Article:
St. Paul rape victim recounts betrayal
- Article by: JOY POWELL
- Star Tribune
- December 12, 2012 - 9:48 PM
Trembling as she took the witness stand and faced the man who allegedly had planned her rape by his fellow gang members, the frightened teen proceeded to tell jurors how she had kicked, screamed and grabbed at a door frame while being carried into the dark bedroom of the vacant house.
Watching, she said, was Mang Yang, the then- 23-year-old St. Paul man who had picked her up from school earlier and given her alcohol.
"I told him to 'help me!'" recalled the girl, who was 15 at the time of the attack. "He said he had to go."
The attack by one assailant lasted about five minutes, and the girl said she could hear someone calling for his turn. Suddenly the shadowy figures ran away, falsely believing someone had called the police.
Yang, she said, was standing in the doorway
"I felt really betrayed because I trusted him and expected him to help me," she said, "but he didn't."
On Wednesday, the opening day of Yang's trial in Ramsey County, prosecutor Heidi Westby said Yang and Kong "OG" Vang, 38, had planned for the girl to be raped by nine men and youths with ties to an Asian gang on Nov. 17, 2011. Yang and Vang have pleaded not guilty to four felony charges, including rape and committing a crime for the benefit of a gang.
Also charged in the wake of the attack were seven others, ranging in age from 15 to 37. All but Yang, Vang and two others have pleaded guilty and been sent to prison or a juvenile facility.
The trial promises to reveal the inner workings of one of St. Paul's most lethal gangs, the True Blood (TB22) gang known for shooting, stabbing, robbing and raping. The St. Paul Police Department and the Ramsey County Sheriff's Office mounted a major investigation into the attack, knowing that scores of Hmong girls in Minnesota have been raped or forced into prostitution in recent years, with many of the Hmong gang members who carried out the attacks going unpunished because shame kept victims from coming forward. Prosecutors and police want to send a message with tough prosecutions of the teen's accused rapists.
Westby is requesting an upward departure in sentencing that could send the defendants to prison for as long as 31 to 60 years because of the gang nature of the rape and the particular vulnerability of the intoxicated teen.
A teen scared and in denial
On Wednesday, Westby told jurors that when police caught up with Yang, he denied being in a gang but said he knew the True Blood members.
"He told them that he knew the gang got girls drunk and raped them," Westby said in an opening statement.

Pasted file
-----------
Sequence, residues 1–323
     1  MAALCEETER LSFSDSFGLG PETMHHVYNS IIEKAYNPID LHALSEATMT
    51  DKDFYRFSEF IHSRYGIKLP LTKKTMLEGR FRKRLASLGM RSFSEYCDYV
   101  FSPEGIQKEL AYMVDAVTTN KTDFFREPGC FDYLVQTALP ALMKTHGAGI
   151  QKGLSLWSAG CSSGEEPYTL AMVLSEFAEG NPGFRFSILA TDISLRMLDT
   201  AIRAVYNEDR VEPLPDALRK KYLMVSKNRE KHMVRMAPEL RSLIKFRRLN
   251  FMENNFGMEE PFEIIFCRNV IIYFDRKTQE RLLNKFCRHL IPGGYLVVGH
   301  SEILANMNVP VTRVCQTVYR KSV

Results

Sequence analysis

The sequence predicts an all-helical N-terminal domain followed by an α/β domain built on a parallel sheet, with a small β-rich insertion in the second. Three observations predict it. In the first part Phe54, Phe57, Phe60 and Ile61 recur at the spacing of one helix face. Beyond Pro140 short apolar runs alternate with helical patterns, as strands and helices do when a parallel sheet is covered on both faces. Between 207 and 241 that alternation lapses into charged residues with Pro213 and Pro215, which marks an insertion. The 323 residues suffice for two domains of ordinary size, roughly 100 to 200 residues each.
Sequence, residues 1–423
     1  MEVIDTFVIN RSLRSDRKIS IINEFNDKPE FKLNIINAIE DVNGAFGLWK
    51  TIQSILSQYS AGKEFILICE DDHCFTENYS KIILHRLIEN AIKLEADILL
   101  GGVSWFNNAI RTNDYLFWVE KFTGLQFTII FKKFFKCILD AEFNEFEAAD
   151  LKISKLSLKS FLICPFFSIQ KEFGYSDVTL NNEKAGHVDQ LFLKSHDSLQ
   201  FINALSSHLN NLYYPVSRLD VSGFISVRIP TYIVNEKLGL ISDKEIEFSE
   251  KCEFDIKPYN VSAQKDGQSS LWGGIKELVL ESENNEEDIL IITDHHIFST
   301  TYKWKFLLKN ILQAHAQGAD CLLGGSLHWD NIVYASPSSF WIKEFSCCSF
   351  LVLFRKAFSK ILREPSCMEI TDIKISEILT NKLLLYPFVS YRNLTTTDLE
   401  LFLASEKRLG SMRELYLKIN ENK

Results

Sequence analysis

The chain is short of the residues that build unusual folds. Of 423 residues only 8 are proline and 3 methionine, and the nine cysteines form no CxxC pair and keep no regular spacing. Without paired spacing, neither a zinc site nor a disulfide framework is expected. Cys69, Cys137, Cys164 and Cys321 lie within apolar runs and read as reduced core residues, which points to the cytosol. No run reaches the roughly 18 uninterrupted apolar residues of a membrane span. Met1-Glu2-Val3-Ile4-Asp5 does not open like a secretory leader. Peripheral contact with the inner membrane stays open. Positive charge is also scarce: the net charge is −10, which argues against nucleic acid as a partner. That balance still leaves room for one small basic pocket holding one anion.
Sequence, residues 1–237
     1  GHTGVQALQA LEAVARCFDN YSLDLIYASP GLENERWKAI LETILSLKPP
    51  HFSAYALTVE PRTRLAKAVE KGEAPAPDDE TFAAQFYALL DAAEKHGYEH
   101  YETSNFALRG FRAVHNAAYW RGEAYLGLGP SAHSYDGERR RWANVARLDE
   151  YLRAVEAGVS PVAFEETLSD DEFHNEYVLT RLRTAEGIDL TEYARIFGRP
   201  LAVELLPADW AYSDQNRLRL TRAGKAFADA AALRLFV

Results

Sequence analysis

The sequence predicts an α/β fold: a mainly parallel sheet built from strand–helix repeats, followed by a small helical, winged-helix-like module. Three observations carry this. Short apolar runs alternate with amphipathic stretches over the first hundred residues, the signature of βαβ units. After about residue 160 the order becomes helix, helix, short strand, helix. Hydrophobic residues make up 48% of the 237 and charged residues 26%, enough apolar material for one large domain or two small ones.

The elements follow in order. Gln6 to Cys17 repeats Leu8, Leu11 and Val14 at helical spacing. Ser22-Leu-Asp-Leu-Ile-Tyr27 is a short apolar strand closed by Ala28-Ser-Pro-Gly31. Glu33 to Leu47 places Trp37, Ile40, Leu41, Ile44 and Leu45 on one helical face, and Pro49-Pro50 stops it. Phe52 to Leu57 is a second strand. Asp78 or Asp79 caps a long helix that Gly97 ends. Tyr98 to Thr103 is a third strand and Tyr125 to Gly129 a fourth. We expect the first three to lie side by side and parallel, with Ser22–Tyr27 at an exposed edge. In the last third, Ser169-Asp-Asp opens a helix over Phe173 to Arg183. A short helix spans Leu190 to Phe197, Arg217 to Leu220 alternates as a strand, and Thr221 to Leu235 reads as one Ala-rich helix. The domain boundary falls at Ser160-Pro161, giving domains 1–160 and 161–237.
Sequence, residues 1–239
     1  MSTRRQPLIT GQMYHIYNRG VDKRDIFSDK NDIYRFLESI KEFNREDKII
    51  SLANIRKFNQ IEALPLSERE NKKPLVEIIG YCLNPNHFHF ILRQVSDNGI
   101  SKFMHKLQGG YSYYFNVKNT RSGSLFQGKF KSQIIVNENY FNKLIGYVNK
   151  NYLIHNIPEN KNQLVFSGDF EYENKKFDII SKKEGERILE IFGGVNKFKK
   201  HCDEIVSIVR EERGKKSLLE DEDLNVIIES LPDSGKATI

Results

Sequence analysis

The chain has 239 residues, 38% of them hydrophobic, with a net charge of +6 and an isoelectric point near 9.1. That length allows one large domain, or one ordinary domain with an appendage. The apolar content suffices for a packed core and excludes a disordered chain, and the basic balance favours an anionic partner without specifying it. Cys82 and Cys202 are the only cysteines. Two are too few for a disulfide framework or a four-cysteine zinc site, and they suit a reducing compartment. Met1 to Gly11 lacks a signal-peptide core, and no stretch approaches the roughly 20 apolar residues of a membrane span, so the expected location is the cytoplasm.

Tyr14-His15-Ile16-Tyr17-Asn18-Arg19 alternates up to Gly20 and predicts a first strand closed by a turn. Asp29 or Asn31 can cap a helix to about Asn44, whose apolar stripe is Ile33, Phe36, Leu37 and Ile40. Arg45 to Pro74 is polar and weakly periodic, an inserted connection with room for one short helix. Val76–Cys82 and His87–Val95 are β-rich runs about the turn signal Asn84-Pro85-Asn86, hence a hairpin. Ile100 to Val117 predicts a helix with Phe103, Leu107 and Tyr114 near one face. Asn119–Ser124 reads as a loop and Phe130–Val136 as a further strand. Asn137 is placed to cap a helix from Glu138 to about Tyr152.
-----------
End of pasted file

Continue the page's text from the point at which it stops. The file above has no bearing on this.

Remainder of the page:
She told jurors that the girl was scared and in denial after the attack. A school principal and counselor had first approached the 10th-grader after hearing about the assault. Then, police officers worked with her and her parents to help deal with their fear of the gang and the stigma they believed she'd face.
"She's a Hmong girl, and they were afraid of what this would mean in their culture," Westby said.
Defense attorney Christopher Champagne asked jurors to look beyond their fear of gangs, and he told them that Yang was trying to help the girl, not attack her.
Champagne noted that the girl had told a nurse, while being examined for the sexual assault, that just before the assault, Yang had told her, "We need to leave."
On Wednesday, the petite teen told how Yang picked up her and her two friends from school, and they went to a house owned by Vang.
'A bad feeling'
They drank beer, including some given her by Yang. More gang members and associates showed up. From there, the girl rode with Vang to a vacant house his family owned at 219 White Bear Av.
By now, she was drinking shots of alcohol and grew concerned. "It didn't make sense," she said, "I was intoxicated, and there were just two girls there." She said she wanted to leave and got in the back seat of Yang's car.
"I had a bad feeling that something was going to happen," she remembered.
When Yang didn't drive them home, a friend tried to call someone else for a ride. But Johnny Her, 15, and Shaileng "Shy" Lor, then 17, had come out to the car and were loud. The friend walked away.
Her and Lor, who have pleaded guilty to charges connected to the rape, later admitted carrying the girl into the house, allegedly at Yang's behest.
"They grabbed me out of the car and brought me inside the house," she said on Wednesday, while crying. "I was struggling. I was just moving a lot, my arms, legs ... I was trying to get loose."
Joy Powell • 651-925-5038
© 2017 Star Tribune